The party favors have been taken down. The celebrations died down. Now, last year’s Vehicle of the Year rests on its mantle overlooking all of creation.
Long live the 2011 Hyundai Sonata!
Um…wait…there’s something you need to know. The Sonata is not the only family-sized sedan that has been turning heads and taking prisoners. The Hyundai’s DNA is shared with an evil twin – a member of the family tree devoid of niceties and manners.
The bad apple of the Hyundai-Kia family wears the gap-toothed grille of the nomenclature starting with a “K.” It also wears a skin that could evoke various automobiles ranging from GM A-Body coupes of 1968 through the early 1970s to quick European sedans. Inside, there are cues of sporty sedans never taken under consideration by South Korean engineers.
But, what is this bad-assed Korean sedan challenging the interest of family sedan buyers looking for maximum space and comfort with sporty manners?
For your consideration, I present the 2011 Kia Optima.
The Optima is not just a mere Kia body on a Hyundai platform. Kia put in some thought into how to differentiate itself with its somewhat plusher twin. If Hyundai was to tackle the mainstream of the marketplace, Kia wants to skew its offerings towards enthusiasts. The new Optima appeared to do exactly that.
But, how did Kia differentiate itself from last year’s VOTY? One thing must be clear is that the Kia is still built back in Korea while the Sonata rolls off the Montgomery, Alabama plant for North American consumption. It doesn’t matter where these sedans are built, but this fact may come into play on a few fronts later in this post.
What drew me towards the Optima’s clutches is a design that not only sidesteps Hyundai’s “Fluidic sculpture” styling philosophy – it pulverizes it! The Optima’s greenhouse eliminates a third distinct plate of glass on the side for a C-pillar design that emulates the profiles of muscle cars of decades past. The chrome frame of the roofline is a paean to the new Jaguar XJ – or, so it appears to some angles. The rear end may appear somewhat Audi-like…the newer ones, in fact. Now, what about those side intakes just before the front doors? Hmmm…can’t figure out which automobile influenced this design feature.
Overall, the Optima’s exterior pushed the envelope of design in its price class – and that’s a good thing! It could also be a blessing or a curse, depending on your taste in automobiles.
It wasn’t the only thing that piqued my interest in the Optima. The cabin was just as stunning as the body. The instrument panel wrapped around you with touch points that are easy to feel and nice to work with. Switchgear, from the steering wheel all the way to the right on the audio and HVAC systems just felt right. I was entertained by an awesome instrument cluster that delights my eyes and keeps me informed of everything I do. There is a circular screen similar to the one in the new Sonata, but, in a Kia, everything lights up in red.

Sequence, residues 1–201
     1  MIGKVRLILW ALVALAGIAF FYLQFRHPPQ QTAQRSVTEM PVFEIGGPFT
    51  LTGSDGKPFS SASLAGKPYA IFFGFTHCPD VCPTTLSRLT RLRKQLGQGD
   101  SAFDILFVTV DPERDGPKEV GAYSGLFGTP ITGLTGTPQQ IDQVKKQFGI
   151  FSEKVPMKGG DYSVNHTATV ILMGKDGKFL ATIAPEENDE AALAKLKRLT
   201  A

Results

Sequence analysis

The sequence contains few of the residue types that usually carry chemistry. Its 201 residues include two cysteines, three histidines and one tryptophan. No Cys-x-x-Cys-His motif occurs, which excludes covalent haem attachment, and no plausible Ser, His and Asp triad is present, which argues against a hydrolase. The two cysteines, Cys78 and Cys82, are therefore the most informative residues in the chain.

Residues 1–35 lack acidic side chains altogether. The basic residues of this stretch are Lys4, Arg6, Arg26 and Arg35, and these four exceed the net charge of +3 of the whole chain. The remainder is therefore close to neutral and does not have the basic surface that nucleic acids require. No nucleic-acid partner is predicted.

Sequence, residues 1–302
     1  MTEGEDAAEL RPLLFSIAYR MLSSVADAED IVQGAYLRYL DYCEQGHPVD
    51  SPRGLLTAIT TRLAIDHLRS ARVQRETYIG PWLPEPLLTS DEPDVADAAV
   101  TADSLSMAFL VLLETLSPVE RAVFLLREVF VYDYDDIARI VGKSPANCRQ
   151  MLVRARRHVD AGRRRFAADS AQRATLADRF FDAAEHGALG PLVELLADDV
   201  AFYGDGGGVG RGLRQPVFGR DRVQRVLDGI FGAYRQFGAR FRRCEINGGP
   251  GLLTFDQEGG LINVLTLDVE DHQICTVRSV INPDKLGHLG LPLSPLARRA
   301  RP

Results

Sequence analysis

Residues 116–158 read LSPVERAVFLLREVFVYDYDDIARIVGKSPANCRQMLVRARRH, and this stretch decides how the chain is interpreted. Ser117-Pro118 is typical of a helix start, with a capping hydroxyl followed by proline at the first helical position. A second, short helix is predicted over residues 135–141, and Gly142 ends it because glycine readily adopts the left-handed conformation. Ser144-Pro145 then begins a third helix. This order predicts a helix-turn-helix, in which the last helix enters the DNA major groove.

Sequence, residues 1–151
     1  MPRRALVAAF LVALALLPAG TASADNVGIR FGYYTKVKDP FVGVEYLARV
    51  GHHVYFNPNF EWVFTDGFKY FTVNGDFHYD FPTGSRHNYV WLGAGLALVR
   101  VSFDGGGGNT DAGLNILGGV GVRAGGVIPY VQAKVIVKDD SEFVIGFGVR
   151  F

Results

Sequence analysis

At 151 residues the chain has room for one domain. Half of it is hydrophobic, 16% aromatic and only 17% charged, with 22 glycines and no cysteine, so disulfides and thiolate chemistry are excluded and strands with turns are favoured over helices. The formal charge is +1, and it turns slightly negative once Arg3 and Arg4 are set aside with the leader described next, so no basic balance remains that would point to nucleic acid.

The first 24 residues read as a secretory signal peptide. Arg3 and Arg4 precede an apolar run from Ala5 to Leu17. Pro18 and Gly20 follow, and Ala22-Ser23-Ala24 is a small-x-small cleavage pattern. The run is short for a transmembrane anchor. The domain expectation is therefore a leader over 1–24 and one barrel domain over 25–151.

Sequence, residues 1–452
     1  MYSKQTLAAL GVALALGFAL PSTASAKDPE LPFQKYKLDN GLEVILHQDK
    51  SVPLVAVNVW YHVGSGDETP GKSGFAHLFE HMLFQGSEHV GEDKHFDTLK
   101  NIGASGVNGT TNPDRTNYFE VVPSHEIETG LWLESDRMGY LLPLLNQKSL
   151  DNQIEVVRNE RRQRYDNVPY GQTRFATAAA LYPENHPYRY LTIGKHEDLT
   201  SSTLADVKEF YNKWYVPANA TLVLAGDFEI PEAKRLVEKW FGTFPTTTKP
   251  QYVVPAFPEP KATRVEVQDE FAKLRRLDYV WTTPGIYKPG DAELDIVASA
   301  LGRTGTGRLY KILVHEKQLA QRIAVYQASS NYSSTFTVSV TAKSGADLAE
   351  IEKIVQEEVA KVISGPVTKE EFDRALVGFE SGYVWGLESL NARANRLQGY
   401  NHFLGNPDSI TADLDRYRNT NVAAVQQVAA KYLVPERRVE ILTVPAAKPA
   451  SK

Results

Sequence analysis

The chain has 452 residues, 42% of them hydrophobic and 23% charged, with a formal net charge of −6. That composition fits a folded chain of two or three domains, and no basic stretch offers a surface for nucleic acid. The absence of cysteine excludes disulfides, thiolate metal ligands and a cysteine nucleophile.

You sit nicely in seats that are not only comfortable, but also supportive. This is just in the LX model – their lowest-priced version! Rear room is extraordinary for the legs. I need to caution tall passengers to watch their head of the coupe-like rear glass.
The drivetrain is familiar: It is the shared 2.0litre direct-injected four-pot with the Sonata connected to a six-speed autobox. Though it has an even 200HP on tap, two more than the Sonata I drove last year, it felt sportier than the Sonata’s setup. How is that possible? Well…Hyundai-Kia played this one smart: No badge engineering! Think of the Kia as a Pontiac that should have been. The G6 was completely different than the Chevrolet Malibu it shared on the same Epsilon platform before bankruptcy felled the arrowhead brand. Kia learned its lesson by being somewhat outrageous in their look and exuberant in the way it drives – completely differentiating itself from Hyundai.
What that means is simple: A ride that solid, handling that is much more sorted than many of its competitors, sharp steering and a strong braking action. One drawback would be the choice of Nexen tires on the Optima. They didn’t seem too keen on wanting to competently grip on caked snow surfaces. They were quiet, though.
In terms of fuel economy, I could only compare any figures to the Sonata, since the last Optima I drove was years ago in its last iteration with a V6 motor underneath the hood. However, considering the colder air and slippery conditions, I managed 24.7MPG in the Optima with my foot firmly planted on both the accelerator and brake – making the traction control and anti-lock brakes work overtime. If I can make them beg for daddy to get through a Minnesota winter – they better work! Alas, they did!
There are two questions that need to be asked to resolve this intra-company quandary. First of all, is the Optima is better than the Sonata? On some levels, the answer is “yes.” The design differentiation comes off successfully to engage drivers looking for something that stands out and gives off a sporty vibe. Not that a Sonata Turbo or SE will do the same thing, but the overall impression of the Optima is to create something a bit more hardcore for audiences wanting something along those lines.
Then, the huge question: Which one would I have? I think of the Optima as a Korean Dodge Charger – a bad ass amongst family sedans, even in the LX trim I sampled here. This means the Hyundai Sonata is more of a Chrysler 300 – and that’s not a bad thing! In fact, it’s a compliment! Between the two – it would depend on my mood. If I wanted to kick a little tail, I choose the Optima. If I wanted to chill, relax and take a date to a fine restaurant, the Sonata fits the bill.
The bottom line is this: The Optima should not be overlooked. Not as it was in the past when the Optima ended up being a stepsister to the Sonata. Not anymore. Not that Kia has raised the game in another automotive class again.
All Hail the Evil Twin!